“Who then is this about whom I hear such things?” Luke 9:9
Herod the tetrarch heard of Jesus of Nazareth. And Herod was neither the first, nor the last, to hear of this particular carpenter. At one point, John Lennon declared that his Beatles were “more popular than Jesus.” Now, fifty years later, Jesus is more famous than ever. And the Beatles enjoy a following among some gray-haired people.
Nonetheless: The Lion of Judah, the eternal creative Wisdom made flesh, did not always enjoy fame. He grew up and lived His early-adult life as a common man. The annals of history remain silent regarding the better part of God’s earthly life.
We call this “the mystery of Christ’s hidden life.” He grew up in a nondescript household, like countless other people have done. He came of age, and began a hard-working life, in an isolated corner of the world, like countless other people have done. He quietly buried the father who had raised him, like countless other people have done.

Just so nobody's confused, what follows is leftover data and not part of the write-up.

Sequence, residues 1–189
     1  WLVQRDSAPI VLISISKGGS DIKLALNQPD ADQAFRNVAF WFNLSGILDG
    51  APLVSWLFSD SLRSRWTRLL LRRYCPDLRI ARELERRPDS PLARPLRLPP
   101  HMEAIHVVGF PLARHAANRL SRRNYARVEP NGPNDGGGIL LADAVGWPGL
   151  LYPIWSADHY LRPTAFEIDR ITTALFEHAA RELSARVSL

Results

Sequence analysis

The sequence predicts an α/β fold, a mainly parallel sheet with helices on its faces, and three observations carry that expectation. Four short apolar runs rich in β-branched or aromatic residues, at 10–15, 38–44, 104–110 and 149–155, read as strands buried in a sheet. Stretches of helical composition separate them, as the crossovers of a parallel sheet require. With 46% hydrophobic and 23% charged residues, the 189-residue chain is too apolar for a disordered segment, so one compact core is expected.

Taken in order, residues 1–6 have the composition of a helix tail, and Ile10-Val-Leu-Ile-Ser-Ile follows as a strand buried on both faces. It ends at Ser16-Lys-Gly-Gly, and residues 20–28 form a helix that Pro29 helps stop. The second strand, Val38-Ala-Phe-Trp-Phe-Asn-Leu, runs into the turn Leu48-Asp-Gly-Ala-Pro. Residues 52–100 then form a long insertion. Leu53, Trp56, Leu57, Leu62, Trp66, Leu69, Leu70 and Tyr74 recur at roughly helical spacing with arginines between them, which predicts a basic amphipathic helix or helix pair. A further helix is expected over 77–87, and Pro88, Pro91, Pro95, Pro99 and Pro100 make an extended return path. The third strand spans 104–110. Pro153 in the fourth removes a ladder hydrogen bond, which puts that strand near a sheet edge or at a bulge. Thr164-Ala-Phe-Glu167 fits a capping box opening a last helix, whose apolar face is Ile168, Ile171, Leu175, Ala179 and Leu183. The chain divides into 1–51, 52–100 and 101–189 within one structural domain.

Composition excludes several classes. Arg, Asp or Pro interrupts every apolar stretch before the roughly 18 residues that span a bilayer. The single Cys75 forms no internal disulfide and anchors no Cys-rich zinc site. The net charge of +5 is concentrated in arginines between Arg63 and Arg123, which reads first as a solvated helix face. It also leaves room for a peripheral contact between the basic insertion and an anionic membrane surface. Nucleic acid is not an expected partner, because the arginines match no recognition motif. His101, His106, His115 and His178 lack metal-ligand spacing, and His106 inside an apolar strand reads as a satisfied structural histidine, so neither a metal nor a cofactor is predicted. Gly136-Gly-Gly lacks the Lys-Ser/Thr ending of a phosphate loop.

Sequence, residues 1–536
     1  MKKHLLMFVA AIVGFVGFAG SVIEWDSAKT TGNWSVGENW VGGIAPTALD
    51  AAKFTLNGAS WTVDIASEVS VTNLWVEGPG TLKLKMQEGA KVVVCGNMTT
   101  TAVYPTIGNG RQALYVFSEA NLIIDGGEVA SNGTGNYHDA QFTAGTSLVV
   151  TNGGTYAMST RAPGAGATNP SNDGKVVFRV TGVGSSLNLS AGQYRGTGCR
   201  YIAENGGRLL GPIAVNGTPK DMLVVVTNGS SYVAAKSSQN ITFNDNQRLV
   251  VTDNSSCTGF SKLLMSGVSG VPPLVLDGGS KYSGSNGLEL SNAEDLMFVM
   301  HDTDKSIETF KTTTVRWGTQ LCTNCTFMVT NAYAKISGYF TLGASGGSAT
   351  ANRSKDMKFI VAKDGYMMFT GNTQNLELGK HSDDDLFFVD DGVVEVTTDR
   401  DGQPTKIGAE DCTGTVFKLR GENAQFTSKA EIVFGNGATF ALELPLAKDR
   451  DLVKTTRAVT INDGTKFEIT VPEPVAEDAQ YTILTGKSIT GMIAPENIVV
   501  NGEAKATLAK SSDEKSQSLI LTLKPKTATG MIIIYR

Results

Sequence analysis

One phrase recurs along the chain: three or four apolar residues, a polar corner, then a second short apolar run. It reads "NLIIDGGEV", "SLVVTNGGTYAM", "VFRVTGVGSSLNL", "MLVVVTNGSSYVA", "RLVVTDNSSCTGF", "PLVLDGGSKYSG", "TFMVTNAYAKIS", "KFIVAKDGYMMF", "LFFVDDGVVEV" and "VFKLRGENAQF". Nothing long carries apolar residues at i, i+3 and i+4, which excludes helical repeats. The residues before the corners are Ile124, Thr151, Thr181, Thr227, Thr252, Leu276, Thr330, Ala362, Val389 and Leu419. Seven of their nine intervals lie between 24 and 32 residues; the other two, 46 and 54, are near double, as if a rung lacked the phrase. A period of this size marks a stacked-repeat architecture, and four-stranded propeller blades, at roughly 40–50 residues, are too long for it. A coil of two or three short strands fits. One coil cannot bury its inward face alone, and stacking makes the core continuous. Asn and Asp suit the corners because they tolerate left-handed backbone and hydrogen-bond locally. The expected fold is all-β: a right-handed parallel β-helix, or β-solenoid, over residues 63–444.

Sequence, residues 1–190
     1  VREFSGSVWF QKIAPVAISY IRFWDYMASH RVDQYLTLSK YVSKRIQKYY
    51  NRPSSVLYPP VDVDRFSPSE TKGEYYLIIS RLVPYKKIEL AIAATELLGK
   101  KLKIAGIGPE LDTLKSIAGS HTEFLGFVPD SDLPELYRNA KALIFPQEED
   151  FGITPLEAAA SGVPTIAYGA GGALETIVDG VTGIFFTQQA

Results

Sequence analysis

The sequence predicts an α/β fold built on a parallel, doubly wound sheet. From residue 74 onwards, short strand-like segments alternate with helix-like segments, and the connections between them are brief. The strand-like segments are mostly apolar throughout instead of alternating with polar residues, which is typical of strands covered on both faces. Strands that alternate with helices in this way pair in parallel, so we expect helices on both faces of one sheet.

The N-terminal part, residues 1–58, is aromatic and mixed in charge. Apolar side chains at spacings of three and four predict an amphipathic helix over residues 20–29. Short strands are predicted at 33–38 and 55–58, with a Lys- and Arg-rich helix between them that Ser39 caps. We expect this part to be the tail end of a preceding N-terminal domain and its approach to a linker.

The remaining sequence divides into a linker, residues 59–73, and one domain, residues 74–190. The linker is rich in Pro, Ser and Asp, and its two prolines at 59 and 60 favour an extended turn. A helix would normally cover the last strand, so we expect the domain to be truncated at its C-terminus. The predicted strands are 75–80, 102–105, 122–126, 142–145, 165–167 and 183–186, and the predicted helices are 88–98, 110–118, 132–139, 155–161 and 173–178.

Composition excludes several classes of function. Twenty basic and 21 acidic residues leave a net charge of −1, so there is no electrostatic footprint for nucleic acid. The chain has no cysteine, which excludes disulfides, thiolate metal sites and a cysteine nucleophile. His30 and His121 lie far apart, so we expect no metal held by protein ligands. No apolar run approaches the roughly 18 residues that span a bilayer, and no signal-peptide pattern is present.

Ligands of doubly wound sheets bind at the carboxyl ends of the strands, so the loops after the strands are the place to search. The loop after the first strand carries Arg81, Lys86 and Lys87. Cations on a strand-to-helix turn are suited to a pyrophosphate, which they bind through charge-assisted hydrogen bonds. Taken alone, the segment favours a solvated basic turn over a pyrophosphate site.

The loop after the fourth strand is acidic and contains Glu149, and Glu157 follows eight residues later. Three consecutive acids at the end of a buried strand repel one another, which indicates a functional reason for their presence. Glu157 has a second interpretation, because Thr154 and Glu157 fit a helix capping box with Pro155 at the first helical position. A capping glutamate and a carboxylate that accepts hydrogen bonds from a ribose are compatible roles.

Of all these events in the life of the incarnate God, the saying of the dark-browed author of Ecclesiastes is verified: “There is no remembrance of the men of old; nor of those to come will there be any remembrance among those who come after them.”
Qoheleth, after all, has it right. History, for the most part, gapes open in an enormous, ponderous silence. In the grand scheme of things, only a short period of time separates us right now from the moment when the memory of our names has vanished altogether from the earth, and our weather-beaten tombstones lay in the mud, overtaken by weeds, above our unvisited graves.
Who was Mark White, of Washington, D.C.? Who was Francis Xavier DiLorenzo, of Philadelphia, PA? Who was Kirk Cousins of Barrington, IL? And the only the answer the earth can make will be:
Just like the only answer the earth has to the question, What did Jesus do when He turned 15? or 21? or 29?
Grim, you say? The sound of wind rustling the grass over the unmarked graves that cover the face of the earth? No, no. We rejoice. We rejoice to share in the mystery of Christ the Young Man’s utter hidden-ness. Because we know, as He taught us, that our heavenly Father sees what is hidden.